The Boy Who Held Back the Sea

Overview

Jan had never done anything more heroic than shout for the guard because he'd imagined he'd seen a sea serpent. But when Jan discovered water trickling through a desolate stretch of the dike that protected his low-lying village, he knew he had to act fast.

By blocking a leaking hole in the dike, a young boy saves his town from destruction.

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Overview

Jan had never done anything more heroic than shout for the guard because he'd imagined he'd seen a sea serpent. But when Jan discovered water trickling through a desolate stretch of the dike that protected his low-lying village, he knew he had to act fast.

By blocking a leaking hole in the dike, a young boy saves his town from destruction.

Read More Show Less

Editorial Reviews

Publishers Weekly - Publisher's Weekly
This retelling of the traditional Dutch folktale is coupled with Locker's masterful oil paintings, which recall well-known works such as Rembrandt's ``Night Watch'' and several Vermeers. A little boy, Pieter, is sent to his room because he has misbehaved. So his grandmother tells him of another bad boy, Jan, who held back the sea. Pieter serves merely as the framework for the account of the legend, which distances readers from the action. The scenery is magnificentluminous skies, light-infused landscapes, a tumultuous seacreating a chiaroscuro effect that recalls the Dutch masters. However, Jan is merely a detail in the paintings. The real thrust of the taleJan's mischief, his fear at the discovery of the leak, his determination, his misery through the night, the suffering and then pride of his parentsis lost in the paintings; the text is overshadowed by the grand scale of the artwork. All ages. (September)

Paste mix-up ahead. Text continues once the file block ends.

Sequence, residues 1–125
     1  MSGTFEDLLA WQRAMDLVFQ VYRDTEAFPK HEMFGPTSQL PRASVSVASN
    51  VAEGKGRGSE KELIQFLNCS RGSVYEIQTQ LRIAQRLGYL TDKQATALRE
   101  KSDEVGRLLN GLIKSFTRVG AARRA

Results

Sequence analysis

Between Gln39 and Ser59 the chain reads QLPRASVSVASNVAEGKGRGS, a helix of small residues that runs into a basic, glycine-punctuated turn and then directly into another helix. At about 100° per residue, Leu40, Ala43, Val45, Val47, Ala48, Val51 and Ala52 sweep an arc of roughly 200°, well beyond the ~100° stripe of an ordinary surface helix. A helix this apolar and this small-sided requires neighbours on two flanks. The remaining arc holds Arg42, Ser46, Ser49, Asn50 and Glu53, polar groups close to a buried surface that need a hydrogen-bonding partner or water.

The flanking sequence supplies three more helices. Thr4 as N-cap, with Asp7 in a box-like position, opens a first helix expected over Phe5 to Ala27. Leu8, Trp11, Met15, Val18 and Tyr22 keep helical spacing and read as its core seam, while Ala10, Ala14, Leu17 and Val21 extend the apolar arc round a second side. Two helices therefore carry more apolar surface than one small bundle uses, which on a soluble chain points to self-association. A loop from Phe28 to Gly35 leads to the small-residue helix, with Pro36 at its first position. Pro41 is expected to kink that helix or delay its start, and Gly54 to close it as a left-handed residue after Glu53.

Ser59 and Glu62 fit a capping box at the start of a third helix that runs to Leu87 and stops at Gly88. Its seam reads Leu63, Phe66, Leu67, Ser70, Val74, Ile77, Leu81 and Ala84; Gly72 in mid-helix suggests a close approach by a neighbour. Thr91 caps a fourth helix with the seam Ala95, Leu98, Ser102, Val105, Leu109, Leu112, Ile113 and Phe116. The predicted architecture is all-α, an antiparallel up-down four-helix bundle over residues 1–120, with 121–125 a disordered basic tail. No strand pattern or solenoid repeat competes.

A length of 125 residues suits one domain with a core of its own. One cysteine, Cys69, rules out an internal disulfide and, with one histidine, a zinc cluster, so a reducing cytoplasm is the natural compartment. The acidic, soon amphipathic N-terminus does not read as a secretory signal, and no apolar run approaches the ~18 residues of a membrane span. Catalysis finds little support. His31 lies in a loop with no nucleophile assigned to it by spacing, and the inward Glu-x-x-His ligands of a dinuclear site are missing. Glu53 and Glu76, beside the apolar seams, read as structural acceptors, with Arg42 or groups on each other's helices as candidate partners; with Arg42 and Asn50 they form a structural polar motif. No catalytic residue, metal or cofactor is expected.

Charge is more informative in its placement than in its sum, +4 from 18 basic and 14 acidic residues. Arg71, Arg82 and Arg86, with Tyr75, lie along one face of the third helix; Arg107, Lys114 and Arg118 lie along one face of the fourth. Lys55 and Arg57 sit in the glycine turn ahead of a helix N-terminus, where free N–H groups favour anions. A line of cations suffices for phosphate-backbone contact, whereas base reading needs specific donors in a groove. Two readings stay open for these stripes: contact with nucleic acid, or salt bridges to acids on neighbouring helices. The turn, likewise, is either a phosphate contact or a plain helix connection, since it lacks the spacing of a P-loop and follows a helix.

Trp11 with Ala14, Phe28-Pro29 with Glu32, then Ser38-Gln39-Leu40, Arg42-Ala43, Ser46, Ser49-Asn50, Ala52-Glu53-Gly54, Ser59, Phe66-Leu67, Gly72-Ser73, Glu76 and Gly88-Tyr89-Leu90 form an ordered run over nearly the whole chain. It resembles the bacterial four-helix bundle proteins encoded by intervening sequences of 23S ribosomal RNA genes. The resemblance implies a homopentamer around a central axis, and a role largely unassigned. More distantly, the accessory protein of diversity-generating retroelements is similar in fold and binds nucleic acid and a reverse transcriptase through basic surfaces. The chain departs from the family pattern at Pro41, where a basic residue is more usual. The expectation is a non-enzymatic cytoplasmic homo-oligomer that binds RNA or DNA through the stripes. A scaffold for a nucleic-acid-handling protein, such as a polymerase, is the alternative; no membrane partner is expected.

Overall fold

School Library Journal
K-Gr 3 Grandmother tells Pieter, who has been sent to his room, the story of The Boy Who Held Back the Sea. Hort's adaptation of a story that appears in Mary Mapes Dodge's Hans Brinker is significantly longer with numerous changes and embellishments. More complex characters have been created, removing the story from the realm of fable and placing it into fiction. Jan is depicted as a troublemaker who tells tales about sea serpents to the dike's watchmen, plays hookey from church, and throws a rock through a school windowa complete opposite from the sunny-haired boy of gentle disposition who reads to a blind man in Hans Brinker. Both, however, become heroes when they observe a hole in the dike and plug it with a finger. Locker's arresting oil paintings, with their dramatic clouds, towering trees, and natural diffused lighting are suggestive of the 17th-Century Dutch landscape paintings made famous by Jacob van Ruisdael. The posed figures and the meticulously depicted objects in the opening and closing scenes are particularly reminiscent of Vermeer. Locker's depiction of nature overpowering humanity is especially significant to the story and to the Dutch people who have spent centuries battling the sea. Karen K. Radtke, Milwaukee Public Lib .
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Product Details

  • ISBN-13: 9780803704060
  • Publisher: Penguin Publishing Group
  • Publication date: 9/30/1987
  • Edition number: 1
  • Pages: 31
  • Age range: 7 years
  • Product dimensions: 8.86 (w) x 10.86 (h) x 0.35 (d)

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